cattle, body composition, breed differences, carcass, genetic parameters
The recent scientific literature was reviewed to summarize genetic parameters for carcass traits in beef cattle. Heritability estimates were generally moderate to large, in agreement with previous literature estimates. This suggests good potential for making change through genetic selection for a given individual carcass characteristic. However, genetic improvement through multiple-trait selection would be slowed by several important genetic antagonisms between traits, suggesting the use of terminal breeding systems with complementary sire and dam genetic types. Individual and maternal heterosis estimates from age-constant analyses were numerically positive and quite large for fat thickness and tended to be numerically positive and small to modest in magnitude for most other carcass traits. Hence, potential contributions to improved carcass composition from crossbreeding would primarily result from genetic complementarity rather than heterosis. As the U.S. beef industry presumedly moves toward a more value-based marketing system, genetic concerns include 1) an apparent antagonistic genetic relationship between marbling and cutability in some populations, 2) the effect of increased leanness on maternal productivity, and 3) the extent to which terminal breeding systems can be used.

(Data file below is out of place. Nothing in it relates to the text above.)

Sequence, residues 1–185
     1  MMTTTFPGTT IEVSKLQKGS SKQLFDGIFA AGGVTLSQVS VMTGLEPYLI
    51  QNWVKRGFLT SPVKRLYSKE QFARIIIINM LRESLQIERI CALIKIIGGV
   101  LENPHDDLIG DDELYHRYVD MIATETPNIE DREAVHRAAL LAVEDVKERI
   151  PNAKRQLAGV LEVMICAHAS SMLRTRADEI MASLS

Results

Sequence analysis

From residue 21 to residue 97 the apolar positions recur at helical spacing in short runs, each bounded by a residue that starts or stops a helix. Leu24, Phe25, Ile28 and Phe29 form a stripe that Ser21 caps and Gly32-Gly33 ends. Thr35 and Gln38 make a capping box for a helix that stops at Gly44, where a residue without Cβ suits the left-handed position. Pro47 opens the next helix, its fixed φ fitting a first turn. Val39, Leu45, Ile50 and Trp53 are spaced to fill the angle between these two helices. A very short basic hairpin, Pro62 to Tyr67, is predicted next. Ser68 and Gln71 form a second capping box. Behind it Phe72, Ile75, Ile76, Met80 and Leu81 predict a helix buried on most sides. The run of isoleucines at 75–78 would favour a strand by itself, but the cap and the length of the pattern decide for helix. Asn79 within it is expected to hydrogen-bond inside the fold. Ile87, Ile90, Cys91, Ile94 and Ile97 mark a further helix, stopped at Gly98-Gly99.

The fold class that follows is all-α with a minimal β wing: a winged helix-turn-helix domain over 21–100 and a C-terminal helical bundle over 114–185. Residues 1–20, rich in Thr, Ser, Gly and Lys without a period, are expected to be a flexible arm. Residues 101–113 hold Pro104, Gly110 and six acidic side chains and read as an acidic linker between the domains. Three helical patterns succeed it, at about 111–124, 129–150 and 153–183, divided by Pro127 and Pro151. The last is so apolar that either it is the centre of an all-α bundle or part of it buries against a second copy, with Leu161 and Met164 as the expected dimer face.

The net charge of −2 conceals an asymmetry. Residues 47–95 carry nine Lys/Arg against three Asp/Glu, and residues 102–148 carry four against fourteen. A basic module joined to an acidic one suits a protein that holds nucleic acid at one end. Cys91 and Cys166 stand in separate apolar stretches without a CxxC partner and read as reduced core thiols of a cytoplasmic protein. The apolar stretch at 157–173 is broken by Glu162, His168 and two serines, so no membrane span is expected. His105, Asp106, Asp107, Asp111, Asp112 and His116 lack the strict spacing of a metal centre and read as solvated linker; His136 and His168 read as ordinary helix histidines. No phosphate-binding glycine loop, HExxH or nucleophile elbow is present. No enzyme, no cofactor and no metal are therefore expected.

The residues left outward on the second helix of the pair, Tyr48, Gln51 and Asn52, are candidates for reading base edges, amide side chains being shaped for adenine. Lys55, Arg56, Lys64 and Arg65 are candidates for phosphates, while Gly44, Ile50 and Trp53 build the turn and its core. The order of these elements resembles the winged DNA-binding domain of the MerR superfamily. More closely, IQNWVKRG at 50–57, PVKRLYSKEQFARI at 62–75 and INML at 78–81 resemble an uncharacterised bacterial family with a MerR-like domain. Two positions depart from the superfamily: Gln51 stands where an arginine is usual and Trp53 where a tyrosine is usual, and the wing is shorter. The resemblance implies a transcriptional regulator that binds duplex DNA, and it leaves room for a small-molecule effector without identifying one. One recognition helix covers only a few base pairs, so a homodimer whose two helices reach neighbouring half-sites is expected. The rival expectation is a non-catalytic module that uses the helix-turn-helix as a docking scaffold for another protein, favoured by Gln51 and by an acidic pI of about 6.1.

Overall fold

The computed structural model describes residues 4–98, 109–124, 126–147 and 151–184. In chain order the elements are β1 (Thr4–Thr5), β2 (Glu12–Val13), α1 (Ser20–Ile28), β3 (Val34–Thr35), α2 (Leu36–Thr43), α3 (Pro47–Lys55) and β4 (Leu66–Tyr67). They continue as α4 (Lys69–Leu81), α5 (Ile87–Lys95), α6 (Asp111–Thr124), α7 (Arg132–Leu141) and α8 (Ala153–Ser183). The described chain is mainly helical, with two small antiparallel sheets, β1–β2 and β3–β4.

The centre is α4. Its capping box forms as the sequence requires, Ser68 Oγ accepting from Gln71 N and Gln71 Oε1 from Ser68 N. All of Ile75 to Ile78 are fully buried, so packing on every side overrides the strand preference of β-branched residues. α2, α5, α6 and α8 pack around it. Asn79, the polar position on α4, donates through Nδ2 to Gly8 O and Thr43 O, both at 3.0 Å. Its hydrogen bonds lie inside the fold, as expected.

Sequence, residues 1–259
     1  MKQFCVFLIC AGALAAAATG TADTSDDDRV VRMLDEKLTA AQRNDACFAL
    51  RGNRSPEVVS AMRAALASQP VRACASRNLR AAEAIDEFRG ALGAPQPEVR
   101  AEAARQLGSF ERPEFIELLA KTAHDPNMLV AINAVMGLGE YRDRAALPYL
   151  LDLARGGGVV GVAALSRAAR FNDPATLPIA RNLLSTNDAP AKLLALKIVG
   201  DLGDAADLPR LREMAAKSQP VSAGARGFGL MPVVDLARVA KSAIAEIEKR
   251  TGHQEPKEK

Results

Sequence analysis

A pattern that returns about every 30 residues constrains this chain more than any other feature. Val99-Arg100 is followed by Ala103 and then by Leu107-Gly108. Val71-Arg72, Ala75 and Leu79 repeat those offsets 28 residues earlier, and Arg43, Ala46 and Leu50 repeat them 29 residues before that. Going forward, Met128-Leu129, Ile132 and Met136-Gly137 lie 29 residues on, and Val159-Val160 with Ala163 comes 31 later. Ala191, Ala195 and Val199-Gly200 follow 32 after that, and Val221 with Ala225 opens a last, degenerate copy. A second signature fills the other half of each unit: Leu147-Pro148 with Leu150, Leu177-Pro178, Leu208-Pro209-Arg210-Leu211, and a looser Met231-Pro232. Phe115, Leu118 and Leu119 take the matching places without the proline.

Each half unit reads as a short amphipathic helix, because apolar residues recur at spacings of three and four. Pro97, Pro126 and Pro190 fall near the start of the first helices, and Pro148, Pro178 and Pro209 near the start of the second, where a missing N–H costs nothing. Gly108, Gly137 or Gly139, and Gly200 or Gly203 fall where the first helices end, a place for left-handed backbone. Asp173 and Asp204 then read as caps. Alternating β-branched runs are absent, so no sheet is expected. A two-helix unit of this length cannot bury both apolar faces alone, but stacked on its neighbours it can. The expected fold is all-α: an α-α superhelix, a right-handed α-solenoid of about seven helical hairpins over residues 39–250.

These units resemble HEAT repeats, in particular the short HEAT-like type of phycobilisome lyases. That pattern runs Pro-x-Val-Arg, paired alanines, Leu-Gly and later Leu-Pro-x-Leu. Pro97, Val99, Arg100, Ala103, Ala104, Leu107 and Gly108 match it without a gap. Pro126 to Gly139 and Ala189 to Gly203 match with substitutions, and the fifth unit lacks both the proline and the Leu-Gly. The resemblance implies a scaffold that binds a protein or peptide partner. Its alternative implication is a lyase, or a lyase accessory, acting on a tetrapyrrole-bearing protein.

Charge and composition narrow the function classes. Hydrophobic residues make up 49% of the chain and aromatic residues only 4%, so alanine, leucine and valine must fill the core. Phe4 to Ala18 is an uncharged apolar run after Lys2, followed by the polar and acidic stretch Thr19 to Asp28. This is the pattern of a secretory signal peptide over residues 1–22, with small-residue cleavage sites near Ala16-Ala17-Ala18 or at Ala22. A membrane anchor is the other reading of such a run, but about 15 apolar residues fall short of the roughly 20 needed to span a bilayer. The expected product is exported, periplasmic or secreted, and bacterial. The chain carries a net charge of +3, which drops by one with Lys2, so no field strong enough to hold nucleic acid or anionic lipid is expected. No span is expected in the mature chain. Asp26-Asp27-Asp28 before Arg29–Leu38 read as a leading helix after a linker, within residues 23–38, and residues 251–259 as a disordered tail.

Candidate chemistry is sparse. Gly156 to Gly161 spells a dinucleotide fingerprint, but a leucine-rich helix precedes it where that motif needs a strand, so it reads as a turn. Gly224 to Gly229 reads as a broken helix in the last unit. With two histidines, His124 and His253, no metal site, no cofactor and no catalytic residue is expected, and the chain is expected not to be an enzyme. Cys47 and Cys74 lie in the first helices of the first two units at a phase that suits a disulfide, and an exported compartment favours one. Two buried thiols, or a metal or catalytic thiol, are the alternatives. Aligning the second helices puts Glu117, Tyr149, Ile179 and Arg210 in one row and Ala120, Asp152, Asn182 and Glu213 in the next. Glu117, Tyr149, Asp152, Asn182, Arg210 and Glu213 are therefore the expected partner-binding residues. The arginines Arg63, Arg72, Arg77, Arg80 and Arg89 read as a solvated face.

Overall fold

Number of Pages
South Dakota State University
Copyright © 1993 South Dakota State University.
Marshall, D. M., "Genetic Parameters for Carcass Traits in Beef Cattle" (1993). South Dakota Beef Report, 1993. 9.